As summer gives way to fall (well, not in LA, it is still blazing hot as I write this in the middle of October), I’m thinking back to my August staycation-vacation.
One of the reasons I love staycationing in LA is that it’s got everything I love in a vacation: heat, beach and no need to fly anywhere. We took advantage of some of LA’s best: biking along the Pacific Ocean bike path (“The Strand”), and of couple of glorious beach days.
We own boogie boards but had never quite mastered the art of catching a nice wave all the way into shore. On this day, though, the waves were perfect for it. We waded through a kelp forest to get to the sweet spot and then sped inward to shore wave after wave after wave – pure, unadulterated fun. On one turn, I passed by a couple of young teenage girls gingerly wading in the shallows, their dad recording their every pose on his phone. Wearing a look of manic joy on my face, I screeched, “THIS IS AWESOME!!!!” as I passed by them; the look on their faces was best described as mild, pleasant embarrassment for this middle-aged lady. However, not long after, I saw those girls back in the water with their own rented boogie boards and wearing the same thrill in their faces and no longer paying attention to their dad with the camera (or the middle-aged lady, probably).
Things I didn’t think about while boogie boarding at the beach: how my body looked in my swimsuit. I am WAY into body positivity and feeling good about oneself and accepting what we have now, but this is a process. After at least 34 years of being so focused on the size, shape and look of my body (I became aware of my body in that way around age 10), it’s not easy to just stop (It’s easy to decide to stop. But after that…process). The beach, however, is one of the places I am happiest and most in-the-moment and therefore least aware of how my body looks to others, despite being in the least amount of clothing. Maybe it’s all the other sensory input: sand on my feet, cold salty water on my skin and stinging my eyes, the sun warming and sometimes even burning my exposed skin, the waves crashing into me – I love all of this. I become aware of my body in another way that has nothing to do with how I look, and everything to do with how I am experiencing the world at that moment.
On another day, we rented bikes and rode along the bike path that follows the ocean. I haven’t ridden a bike with any frequency since I was in grade school. It was so fun!! I felt so lucky at that moment to live in Southern California and to be able to ride a bike. We rode to a restaurant in Playa Vista and had the most delicious sandwiches. Bonus: former child actor Anthony Michael Hall was having lunch in the same place!! (The Breakfast Club is seriously one of my favorite movies). It was a hot day and my honey and I were both sweaty. I probably looked pretty messy as I always do when I’m doing any sort of exercise or activity. As always, I was in my fat body. And once again, I just didn’t care. My body was a vehicle to enjoy these wonderful moments – how it looked was irrelevant.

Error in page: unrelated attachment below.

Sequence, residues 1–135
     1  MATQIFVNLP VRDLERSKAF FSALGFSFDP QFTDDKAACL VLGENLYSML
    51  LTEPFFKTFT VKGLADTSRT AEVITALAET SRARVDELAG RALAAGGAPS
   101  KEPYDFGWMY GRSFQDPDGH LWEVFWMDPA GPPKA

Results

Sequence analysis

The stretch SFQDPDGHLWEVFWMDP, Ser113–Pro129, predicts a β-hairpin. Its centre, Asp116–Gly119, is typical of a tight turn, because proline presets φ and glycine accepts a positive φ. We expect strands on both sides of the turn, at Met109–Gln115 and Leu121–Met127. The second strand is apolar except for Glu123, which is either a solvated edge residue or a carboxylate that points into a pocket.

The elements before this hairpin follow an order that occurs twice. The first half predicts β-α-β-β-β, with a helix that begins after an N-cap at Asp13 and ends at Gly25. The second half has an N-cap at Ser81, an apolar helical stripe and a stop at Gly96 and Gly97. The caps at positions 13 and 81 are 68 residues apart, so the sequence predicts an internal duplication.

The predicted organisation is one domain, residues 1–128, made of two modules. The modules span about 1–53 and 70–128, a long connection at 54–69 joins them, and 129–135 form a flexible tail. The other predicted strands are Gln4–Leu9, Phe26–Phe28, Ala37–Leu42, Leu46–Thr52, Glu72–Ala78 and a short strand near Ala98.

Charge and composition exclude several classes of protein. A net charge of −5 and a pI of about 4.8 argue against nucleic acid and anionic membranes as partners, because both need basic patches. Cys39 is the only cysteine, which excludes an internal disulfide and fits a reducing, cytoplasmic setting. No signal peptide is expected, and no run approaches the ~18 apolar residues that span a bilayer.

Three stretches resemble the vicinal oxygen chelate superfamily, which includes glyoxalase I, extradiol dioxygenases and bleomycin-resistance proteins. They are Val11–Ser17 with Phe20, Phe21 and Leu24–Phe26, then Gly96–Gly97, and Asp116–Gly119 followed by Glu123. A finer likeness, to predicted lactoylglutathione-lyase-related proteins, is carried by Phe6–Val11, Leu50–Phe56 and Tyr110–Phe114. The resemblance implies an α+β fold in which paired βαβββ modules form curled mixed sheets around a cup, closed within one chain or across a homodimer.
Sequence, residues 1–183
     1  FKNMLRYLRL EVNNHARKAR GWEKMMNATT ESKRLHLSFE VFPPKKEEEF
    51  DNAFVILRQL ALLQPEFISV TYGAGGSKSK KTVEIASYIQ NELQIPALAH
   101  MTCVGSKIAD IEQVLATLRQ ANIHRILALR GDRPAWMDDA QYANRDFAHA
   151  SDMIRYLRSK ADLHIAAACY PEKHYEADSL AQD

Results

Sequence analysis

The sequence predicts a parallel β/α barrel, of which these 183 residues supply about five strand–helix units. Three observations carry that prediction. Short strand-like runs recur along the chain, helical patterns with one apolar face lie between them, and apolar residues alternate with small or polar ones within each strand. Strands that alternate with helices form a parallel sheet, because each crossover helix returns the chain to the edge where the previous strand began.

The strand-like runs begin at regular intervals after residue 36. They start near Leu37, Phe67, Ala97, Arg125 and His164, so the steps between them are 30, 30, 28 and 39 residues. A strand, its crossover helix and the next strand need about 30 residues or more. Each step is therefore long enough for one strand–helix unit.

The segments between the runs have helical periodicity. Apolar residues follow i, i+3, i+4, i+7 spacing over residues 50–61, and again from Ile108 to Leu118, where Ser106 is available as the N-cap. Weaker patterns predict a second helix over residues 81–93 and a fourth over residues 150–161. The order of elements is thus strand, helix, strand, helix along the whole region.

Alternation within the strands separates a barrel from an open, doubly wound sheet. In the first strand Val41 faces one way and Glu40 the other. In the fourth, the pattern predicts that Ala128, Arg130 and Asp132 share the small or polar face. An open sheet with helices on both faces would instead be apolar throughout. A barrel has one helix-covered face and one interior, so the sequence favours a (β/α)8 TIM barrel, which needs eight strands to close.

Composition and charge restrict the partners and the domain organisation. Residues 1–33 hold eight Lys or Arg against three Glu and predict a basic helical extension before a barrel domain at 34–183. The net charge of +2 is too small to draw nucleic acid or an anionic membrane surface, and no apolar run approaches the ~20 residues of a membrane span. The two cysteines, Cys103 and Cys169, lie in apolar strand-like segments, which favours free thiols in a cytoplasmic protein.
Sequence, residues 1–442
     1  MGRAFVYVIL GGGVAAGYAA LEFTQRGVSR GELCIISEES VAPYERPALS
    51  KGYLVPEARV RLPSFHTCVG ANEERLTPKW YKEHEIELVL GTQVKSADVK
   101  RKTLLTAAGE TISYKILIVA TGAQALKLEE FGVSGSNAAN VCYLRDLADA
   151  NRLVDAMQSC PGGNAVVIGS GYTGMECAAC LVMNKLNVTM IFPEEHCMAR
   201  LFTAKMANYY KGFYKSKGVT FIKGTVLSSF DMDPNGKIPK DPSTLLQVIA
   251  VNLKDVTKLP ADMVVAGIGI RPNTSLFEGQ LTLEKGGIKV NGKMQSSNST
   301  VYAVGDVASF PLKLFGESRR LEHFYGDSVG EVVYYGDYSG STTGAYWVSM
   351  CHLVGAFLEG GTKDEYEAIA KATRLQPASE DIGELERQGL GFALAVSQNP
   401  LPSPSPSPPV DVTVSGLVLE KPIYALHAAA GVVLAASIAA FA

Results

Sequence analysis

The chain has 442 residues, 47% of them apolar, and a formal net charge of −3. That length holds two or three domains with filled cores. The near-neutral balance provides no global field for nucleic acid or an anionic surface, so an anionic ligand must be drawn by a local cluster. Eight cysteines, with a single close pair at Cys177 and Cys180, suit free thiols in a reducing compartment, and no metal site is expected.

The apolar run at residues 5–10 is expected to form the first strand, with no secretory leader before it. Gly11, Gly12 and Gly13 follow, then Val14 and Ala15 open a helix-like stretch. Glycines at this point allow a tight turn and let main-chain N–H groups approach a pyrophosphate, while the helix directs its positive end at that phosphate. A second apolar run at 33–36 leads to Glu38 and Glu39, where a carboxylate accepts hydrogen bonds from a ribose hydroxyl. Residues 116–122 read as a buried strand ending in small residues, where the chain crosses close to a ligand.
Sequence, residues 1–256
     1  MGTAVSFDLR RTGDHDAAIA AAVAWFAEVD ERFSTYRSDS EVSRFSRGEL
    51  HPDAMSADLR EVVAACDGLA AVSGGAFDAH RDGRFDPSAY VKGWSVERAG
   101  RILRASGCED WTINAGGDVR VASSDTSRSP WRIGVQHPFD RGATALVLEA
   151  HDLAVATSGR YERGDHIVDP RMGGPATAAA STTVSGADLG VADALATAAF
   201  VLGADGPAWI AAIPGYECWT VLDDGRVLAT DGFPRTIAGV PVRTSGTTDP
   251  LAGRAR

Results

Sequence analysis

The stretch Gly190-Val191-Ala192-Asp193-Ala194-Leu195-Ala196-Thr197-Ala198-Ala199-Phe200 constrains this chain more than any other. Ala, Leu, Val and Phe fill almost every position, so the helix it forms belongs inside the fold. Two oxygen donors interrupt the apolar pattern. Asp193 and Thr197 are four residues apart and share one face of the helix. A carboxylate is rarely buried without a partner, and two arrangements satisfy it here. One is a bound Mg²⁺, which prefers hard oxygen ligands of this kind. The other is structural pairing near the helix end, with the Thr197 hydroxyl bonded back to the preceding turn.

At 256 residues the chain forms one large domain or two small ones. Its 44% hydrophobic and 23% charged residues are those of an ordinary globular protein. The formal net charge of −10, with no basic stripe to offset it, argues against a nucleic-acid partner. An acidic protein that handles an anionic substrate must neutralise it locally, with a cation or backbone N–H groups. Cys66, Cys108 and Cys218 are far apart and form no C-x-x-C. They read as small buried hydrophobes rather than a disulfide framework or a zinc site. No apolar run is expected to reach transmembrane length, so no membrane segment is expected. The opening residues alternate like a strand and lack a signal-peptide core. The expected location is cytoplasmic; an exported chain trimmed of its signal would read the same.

I’m not saying that in order to appreciate our bodies we need to completely forget about what they look like. But once in a while, I think it can help. Boogie boarding and biking reminded me that our bodies are here to allow us to live life. In our appearance-focused culture, it can be all too easy to let worries about our fat bellies, thighs or hips, or our sweaty armpits or our disheveled hair distract us from the real living – the fun or the learning or the meaning of what we are doing. When we can let go and focus on those things, we truly become body positive.
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Welcome to food freedom! Dare to Not Diet LLC is owned by Glenys Oyston, Registered Dietitian and Nutrition Therapist and Certified Intuitive Eating Counselor. It's time to feel good about eating, your body, and your health.
Lovely, reminds me of this poem, and to grab the purple hat more often… http://www.fabafterfifty.co.uk/2010/10/20/the-purple-hat/
I love those purple hat ladies! Love it!